I suppose I have my father to blame for my incessant desire to explore old terrains. After all, he brought my sister and me across Arizona when we were kids for a summer vacation. The orange, red and purple walls still to this day draw me to the Canyon like a magnet.
It was one of our first trips. We went to the Painted Desert, Sunset Crater Volcano, the Petrified Forest and for the finale – the Grand Canyon. Yes, it was then, in a car with Train’s “Drops of Jupiter” playing on repeat, that I felt joy in not only the open road and destination, but also being with family.
Today, spending time with my family is extra special, since we now all live in different states. Dad lives in Virginia and sis in California, while I hold down the fort in Arizona. It makes sense for us to meet up at the Grand Canyon since it’s the foundation of some of our favorite memories.
Driving into the Grand Canyon the air smells clean, with the Ponderosa pine, aspen and oak trees towering outside our windows. We roll down the windows a bit further to let the scent of pine saturate our car, and I'm suddenly taken back in time.
As a kid, hiking Bright Angel Trail and Grandview Trail were my favorite. Dad woke us up early – 5 a.m. early – to rise before the sun. I loved taking a journey to an unknown place, watching the landscape change along the way. Those distinct canyon smells, colors and sights are amplified, making the views at the end all the more worthwhile.
All three of us were at the little airport in Tusayan, waiting anxiously to board the Gateway airplane to see the Grand Canyon from a new vantage point. Tusayan is easily accessible – just a mile from the park entrance – and you’ll find the Grand Canyon National Airport there with helicopter and airplane tours departing daily.
Although visiting the Grand Canyon itself is an adventure, if you wish to push these boundaries further, then Grand Canyon Scenic Airlines offers plane rides for a gorgeous overview of this natural world wonder stretching 277 miles.
Never ones to refuse an adventure, we board the Vistaliner airplane. The engine roars and we zip off to fly over the Grand Canyon. The plane tour is about 45 minutes, lengthier than a helicopter tour and with the benefit of feeling smoother than a chopper.
My eyes are glued to the large, panoramic window. Within minutes we’re flying over Zuni Corridor, a jagged land with colorful vistas that look mesmerizing as the light hits. I’ve never seen a bird’s eye view of the park like this, and we’re all silent for a few minutes as we take in the stunning views.
“Girls, look!” dad says, pointing out the confluence of the Little Colorado River. The green Colorado River mixes with the muddy waters of the smaller Little Colorado River – part of a sacred site within the Navajo Nation. I take a moment to appreciate how much it means to be here with my family.
The icing on the cake about being back at the Grand Canyon this time is the Centennial Celebration.
In 1917, park supporters maintaining the Grand Canyon turned their sights towards the National Park Service, then just one-year-old. In February of 1919, the bill was passed to move the Grand Canyon under the care of the National Park Association. The incredible protection and conservation efforts over these last 100 years have given not only the state, but the global community as well, something to shout about.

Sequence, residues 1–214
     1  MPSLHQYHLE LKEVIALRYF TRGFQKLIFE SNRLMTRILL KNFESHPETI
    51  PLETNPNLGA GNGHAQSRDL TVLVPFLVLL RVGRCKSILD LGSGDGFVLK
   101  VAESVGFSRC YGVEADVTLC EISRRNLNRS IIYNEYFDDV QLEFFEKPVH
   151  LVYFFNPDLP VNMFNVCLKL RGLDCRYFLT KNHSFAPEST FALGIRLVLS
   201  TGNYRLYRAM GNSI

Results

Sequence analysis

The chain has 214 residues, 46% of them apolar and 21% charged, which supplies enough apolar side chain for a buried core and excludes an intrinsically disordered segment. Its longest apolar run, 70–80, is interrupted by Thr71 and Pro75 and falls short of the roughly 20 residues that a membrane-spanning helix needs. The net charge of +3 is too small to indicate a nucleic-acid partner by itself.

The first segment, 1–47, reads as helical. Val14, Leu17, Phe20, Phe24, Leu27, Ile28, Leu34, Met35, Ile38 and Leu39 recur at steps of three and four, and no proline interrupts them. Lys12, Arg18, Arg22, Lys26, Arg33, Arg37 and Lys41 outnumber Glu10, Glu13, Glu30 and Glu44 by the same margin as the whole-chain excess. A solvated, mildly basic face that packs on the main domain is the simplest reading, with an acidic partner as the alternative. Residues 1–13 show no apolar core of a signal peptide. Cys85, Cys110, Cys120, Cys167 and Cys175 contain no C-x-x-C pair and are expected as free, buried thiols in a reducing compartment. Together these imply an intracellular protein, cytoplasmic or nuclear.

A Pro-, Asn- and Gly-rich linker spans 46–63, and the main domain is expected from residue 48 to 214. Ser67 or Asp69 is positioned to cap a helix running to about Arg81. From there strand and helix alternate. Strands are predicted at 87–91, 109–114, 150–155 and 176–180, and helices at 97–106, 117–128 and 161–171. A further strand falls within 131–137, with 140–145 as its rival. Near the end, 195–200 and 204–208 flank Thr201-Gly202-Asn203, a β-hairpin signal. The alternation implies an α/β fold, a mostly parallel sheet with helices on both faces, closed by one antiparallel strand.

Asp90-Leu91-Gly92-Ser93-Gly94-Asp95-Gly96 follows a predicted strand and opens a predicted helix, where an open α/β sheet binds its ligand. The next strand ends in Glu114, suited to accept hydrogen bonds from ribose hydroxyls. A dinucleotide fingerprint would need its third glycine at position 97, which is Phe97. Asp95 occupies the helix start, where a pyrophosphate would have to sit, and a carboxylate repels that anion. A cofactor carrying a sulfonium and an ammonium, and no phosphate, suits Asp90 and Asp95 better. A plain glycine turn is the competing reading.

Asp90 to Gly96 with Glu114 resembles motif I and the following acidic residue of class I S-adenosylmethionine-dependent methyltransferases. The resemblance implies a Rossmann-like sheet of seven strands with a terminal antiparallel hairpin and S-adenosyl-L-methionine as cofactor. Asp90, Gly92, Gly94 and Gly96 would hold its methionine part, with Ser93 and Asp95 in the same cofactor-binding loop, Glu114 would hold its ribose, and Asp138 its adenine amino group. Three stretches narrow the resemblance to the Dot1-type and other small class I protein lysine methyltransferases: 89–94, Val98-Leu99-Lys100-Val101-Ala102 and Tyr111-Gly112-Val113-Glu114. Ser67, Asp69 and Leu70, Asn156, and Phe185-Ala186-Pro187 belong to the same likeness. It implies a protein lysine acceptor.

Park rangers and the local community of Tusayan are putting on a year-long celebration to commemorate the 100th anniversary of the canyon’s National Park status. To name a few of the special events, festivities include Centennial Summer Fest in June featuring telescopes to take in the night sky, July 4th parade complete with a laser light show and – what I’m most excited about – the Hawk Watch from mid-August through November. My dad has always loved birds, and he tells me he remembers the eagles flying over the canyon during that first trip that we went trailblazing.
After an incredible morning spent soaring over one of my favorite places on Earth, we stop for lunch in Tusayan. At RP’s Stage Stop, named after one of the first settlers in Tusayan – “RP” Thurston – I feel part of the rich history of the Grand Canyon. The casual-dining restaurant has brightly colored walls and American Indian artwork displayed along with various decor that reflects the early 20th century culture in Tusayan. We enjoy some custom-ordered sandwiches with avocado, spinach and turkey alongside revitalizing smoothies. The food tastes fresh and is the perfect spot for a quick breakfast or lunch.
Last time we stayed at the cozy Yavapai Lodge, right in the heart of Grand Canyon, but this time we are going for firsts and decide to take advantage of the campgrounds. After we set up the tents, dad gets the fire going. When we hear it crackling, Ashley and I emerge from our tent, the orange glow lighting up the already starry night. Ashley goes for the bag of graham crackers and chocolate bars, while dad cozies himself on a log.
The three of us keep laughing while watching each other roast our marshmallows the perfect amount. I’ve always loved s’mores, especially with my family, since sitting around the bonfire has a way of bringing people together – that much more so when there’s chocolate involved.
On our last day, my dad reminds us with a wink that we’ve still yet to hike down to the bottom or raft the Colorado. It sounds ambitious, but I know it won’t be long before we’re back to form more memories at the Grand Canyon.
As we reluctantly pack up our campsite, I take comfort in knowing that the Grand Canyon will still be here for the next century and that new adventures await us. I can’t wait until we join in more of the Centennial activities later this year.